City eyes replacing Centennial washrooms

City council is eyeing spending $215,000 to replace the washrooms in Centennial Square, as part of a long-term plan for the square.

City council is eyeing spending $215,000 to replace the washrooms in Centennial Square, as part of a long-term plan for the area next to city hall.

Staff originally presented council with an option to complete a minor renovation to build a single-stall washroom in the square at a cost of $65,000.

However, many councillors said a single stall could be problematic in the long run. Council opted to allocate up to $215,000 from the city’s building and infrastructure reserve fund to build a larger washroom in the current location during a meeting Thursday.

Coun. Charlayne Thornton-Joe said having a washroom in the square is incredibly important to accommodate the increasing number of residents and tourists who use the area for a variety of reasons year-round, including the city’s homeless population who rely on them for 24/7 use.

“I do want washrooms there. I’d like us to look to more permanent washrooms, not just one stall. I really think when you look at the wants and needs, having a permanent washroom is a need and something we can’t think of as future planning down the road,” she said, noting taxi drivers also use the washrooms. “I think it’s worth the money that we spend in the long-term.”

Last year, council agreed to update the washrooms, which have been in operation since 1965, spending $125,000 to do so.

However, shortly after work began this year, crews discovered the existing walls were considered to be unsound. Since then, renovations have grounded to a halt.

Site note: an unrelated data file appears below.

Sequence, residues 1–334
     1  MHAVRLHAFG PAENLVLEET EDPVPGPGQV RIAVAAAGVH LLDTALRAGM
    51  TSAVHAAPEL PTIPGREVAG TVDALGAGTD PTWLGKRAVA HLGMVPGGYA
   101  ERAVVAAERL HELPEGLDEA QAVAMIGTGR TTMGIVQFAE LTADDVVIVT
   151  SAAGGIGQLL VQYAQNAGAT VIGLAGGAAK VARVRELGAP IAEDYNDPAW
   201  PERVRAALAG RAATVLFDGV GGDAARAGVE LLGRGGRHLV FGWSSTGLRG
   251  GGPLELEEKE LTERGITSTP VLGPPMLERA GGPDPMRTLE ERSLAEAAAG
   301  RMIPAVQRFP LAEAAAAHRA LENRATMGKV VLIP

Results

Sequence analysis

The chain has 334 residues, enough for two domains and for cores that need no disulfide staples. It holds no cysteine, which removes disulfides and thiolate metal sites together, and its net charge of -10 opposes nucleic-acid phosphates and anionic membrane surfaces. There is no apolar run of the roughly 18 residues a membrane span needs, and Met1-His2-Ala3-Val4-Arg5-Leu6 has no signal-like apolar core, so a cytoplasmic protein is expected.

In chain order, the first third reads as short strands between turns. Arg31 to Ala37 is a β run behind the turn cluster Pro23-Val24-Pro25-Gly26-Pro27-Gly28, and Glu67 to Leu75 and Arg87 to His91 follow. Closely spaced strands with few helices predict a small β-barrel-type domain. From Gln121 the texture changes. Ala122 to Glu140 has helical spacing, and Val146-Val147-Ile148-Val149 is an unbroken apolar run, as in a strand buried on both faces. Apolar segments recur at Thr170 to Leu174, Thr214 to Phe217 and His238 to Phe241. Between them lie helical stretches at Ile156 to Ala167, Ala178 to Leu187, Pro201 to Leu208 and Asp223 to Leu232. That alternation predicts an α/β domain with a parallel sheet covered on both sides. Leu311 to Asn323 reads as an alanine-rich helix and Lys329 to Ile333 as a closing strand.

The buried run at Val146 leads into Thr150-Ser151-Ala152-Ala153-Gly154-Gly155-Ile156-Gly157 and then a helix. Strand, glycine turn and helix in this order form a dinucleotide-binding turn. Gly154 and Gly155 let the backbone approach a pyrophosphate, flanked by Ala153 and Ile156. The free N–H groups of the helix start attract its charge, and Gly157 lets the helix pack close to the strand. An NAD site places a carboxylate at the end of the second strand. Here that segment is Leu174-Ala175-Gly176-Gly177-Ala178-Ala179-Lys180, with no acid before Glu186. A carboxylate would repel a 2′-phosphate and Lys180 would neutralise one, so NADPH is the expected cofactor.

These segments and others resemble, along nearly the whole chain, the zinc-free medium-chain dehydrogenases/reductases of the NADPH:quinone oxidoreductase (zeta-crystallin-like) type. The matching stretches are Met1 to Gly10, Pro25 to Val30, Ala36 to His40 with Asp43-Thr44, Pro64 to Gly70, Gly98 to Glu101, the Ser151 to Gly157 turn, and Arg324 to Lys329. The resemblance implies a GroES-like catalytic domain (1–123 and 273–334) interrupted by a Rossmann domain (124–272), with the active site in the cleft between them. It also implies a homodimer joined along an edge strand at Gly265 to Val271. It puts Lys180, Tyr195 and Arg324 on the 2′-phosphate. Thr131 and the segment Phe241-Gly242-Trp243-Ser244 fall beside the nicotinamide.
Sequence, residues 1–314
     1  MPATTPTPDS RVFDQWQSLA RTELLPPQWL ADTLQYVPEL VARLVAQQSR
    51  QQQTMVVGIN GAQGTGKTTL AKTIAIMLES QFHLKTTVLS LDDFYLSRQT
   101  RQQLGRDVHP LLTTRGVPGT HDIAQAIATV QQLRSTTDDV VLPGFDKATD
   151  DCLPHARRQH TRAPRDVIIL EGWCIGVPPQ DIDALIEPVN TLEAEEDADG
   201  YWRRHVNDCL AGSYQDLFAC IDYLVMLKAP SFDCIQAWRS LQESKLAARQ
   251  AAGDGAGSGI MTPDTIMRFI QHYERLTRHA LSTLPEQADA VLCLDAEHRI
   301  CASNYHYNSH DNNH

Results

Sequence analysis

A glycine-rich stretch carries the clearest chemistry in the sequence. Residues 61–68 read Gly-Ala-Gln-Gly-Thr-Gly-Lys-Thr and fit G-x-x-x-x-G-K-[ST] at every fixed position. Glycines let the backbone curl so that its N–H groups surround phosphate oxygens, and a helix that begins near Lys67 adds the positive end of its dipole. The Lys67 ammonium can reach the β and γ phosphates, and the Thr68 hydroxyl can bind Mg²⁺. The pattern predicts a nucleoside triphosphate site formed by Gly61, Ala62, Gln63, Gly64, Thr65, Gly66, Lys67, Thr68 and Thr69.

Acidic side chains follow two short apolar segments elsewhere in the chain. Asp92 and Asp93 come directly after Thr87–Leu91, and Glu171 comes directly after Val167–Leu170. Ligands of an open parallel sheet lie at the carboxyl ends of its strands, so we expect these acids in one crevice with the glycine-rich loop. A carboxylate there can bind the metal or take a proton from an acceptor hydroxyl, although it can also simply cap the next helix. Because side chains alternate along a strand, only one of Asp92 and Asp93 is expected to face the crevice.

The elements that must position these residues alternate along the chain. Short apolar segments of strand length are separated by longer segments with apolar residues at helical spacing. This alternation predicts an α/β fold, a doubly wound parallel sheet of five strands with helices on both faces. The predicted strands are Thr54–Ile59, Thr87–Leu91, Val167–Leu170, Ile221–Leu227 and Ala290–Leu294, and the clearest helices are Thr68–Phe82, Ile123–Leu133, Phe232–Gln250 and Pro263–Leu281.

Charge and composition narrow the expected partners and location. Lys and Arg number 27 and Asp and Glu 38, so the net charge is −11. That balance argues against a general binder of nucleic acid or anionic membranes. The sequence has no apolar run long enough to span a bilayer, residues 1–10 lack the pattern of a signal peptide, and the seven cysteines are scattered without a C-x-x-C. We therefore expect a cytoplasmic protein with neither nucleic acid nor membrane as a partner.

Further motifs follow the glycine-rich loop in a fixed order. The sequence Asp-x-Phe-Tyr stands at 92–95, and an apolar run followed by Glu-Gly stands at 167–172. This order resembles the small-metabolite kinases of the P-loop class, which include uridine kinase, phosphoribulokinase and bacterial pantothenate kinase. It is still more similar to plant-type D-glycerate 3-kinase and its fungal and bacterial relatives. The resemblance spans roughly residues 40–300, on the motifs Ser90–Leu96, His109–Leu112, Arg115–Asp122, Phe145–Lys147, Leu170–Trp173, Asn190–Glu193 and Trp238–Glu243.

Many councillors struggled between choosing a single-stall washroom and a larger facility at a higher cost.

Mayor Lisa Helps called the decision a challenging one, adding if there was an overdose in the washroom or someone was to get sick during a festival, it would cause a big headache for people wishing to use it.

“I think I’m willing to stand up and defend our $340,000 expenditure over a period of three to five years, so people can access those washrooms,” she said.

Coun. Jeremy Loveday voted against spending the money, adding a more cost-effective and creative solution could be found.

“When you look at the money that we’ve sunk into it . . . it seems too much for me. You could build a nice house for this amount of money,” he said.

Updating the washrooms is part of the development of a master plan for the revitalization of Centennial Square.

The plan also proposes the addition of a children’s play feature. Staff would take a similar approach to the project as they did with the Ship Point Pop-up design competition in the summer, creating a competition to install a temporary play feature for next year.

The long-term plan will also look at the future of the fountain, a new wood carving space, new permanent recreational equipment, such as table tennis or chess boards, renaming of the square, and investments to maintain the existing Centennial Parkade.

Staff will report back to council with options for washrooms, including gender neutral and wheelchair accessible stalls, in January.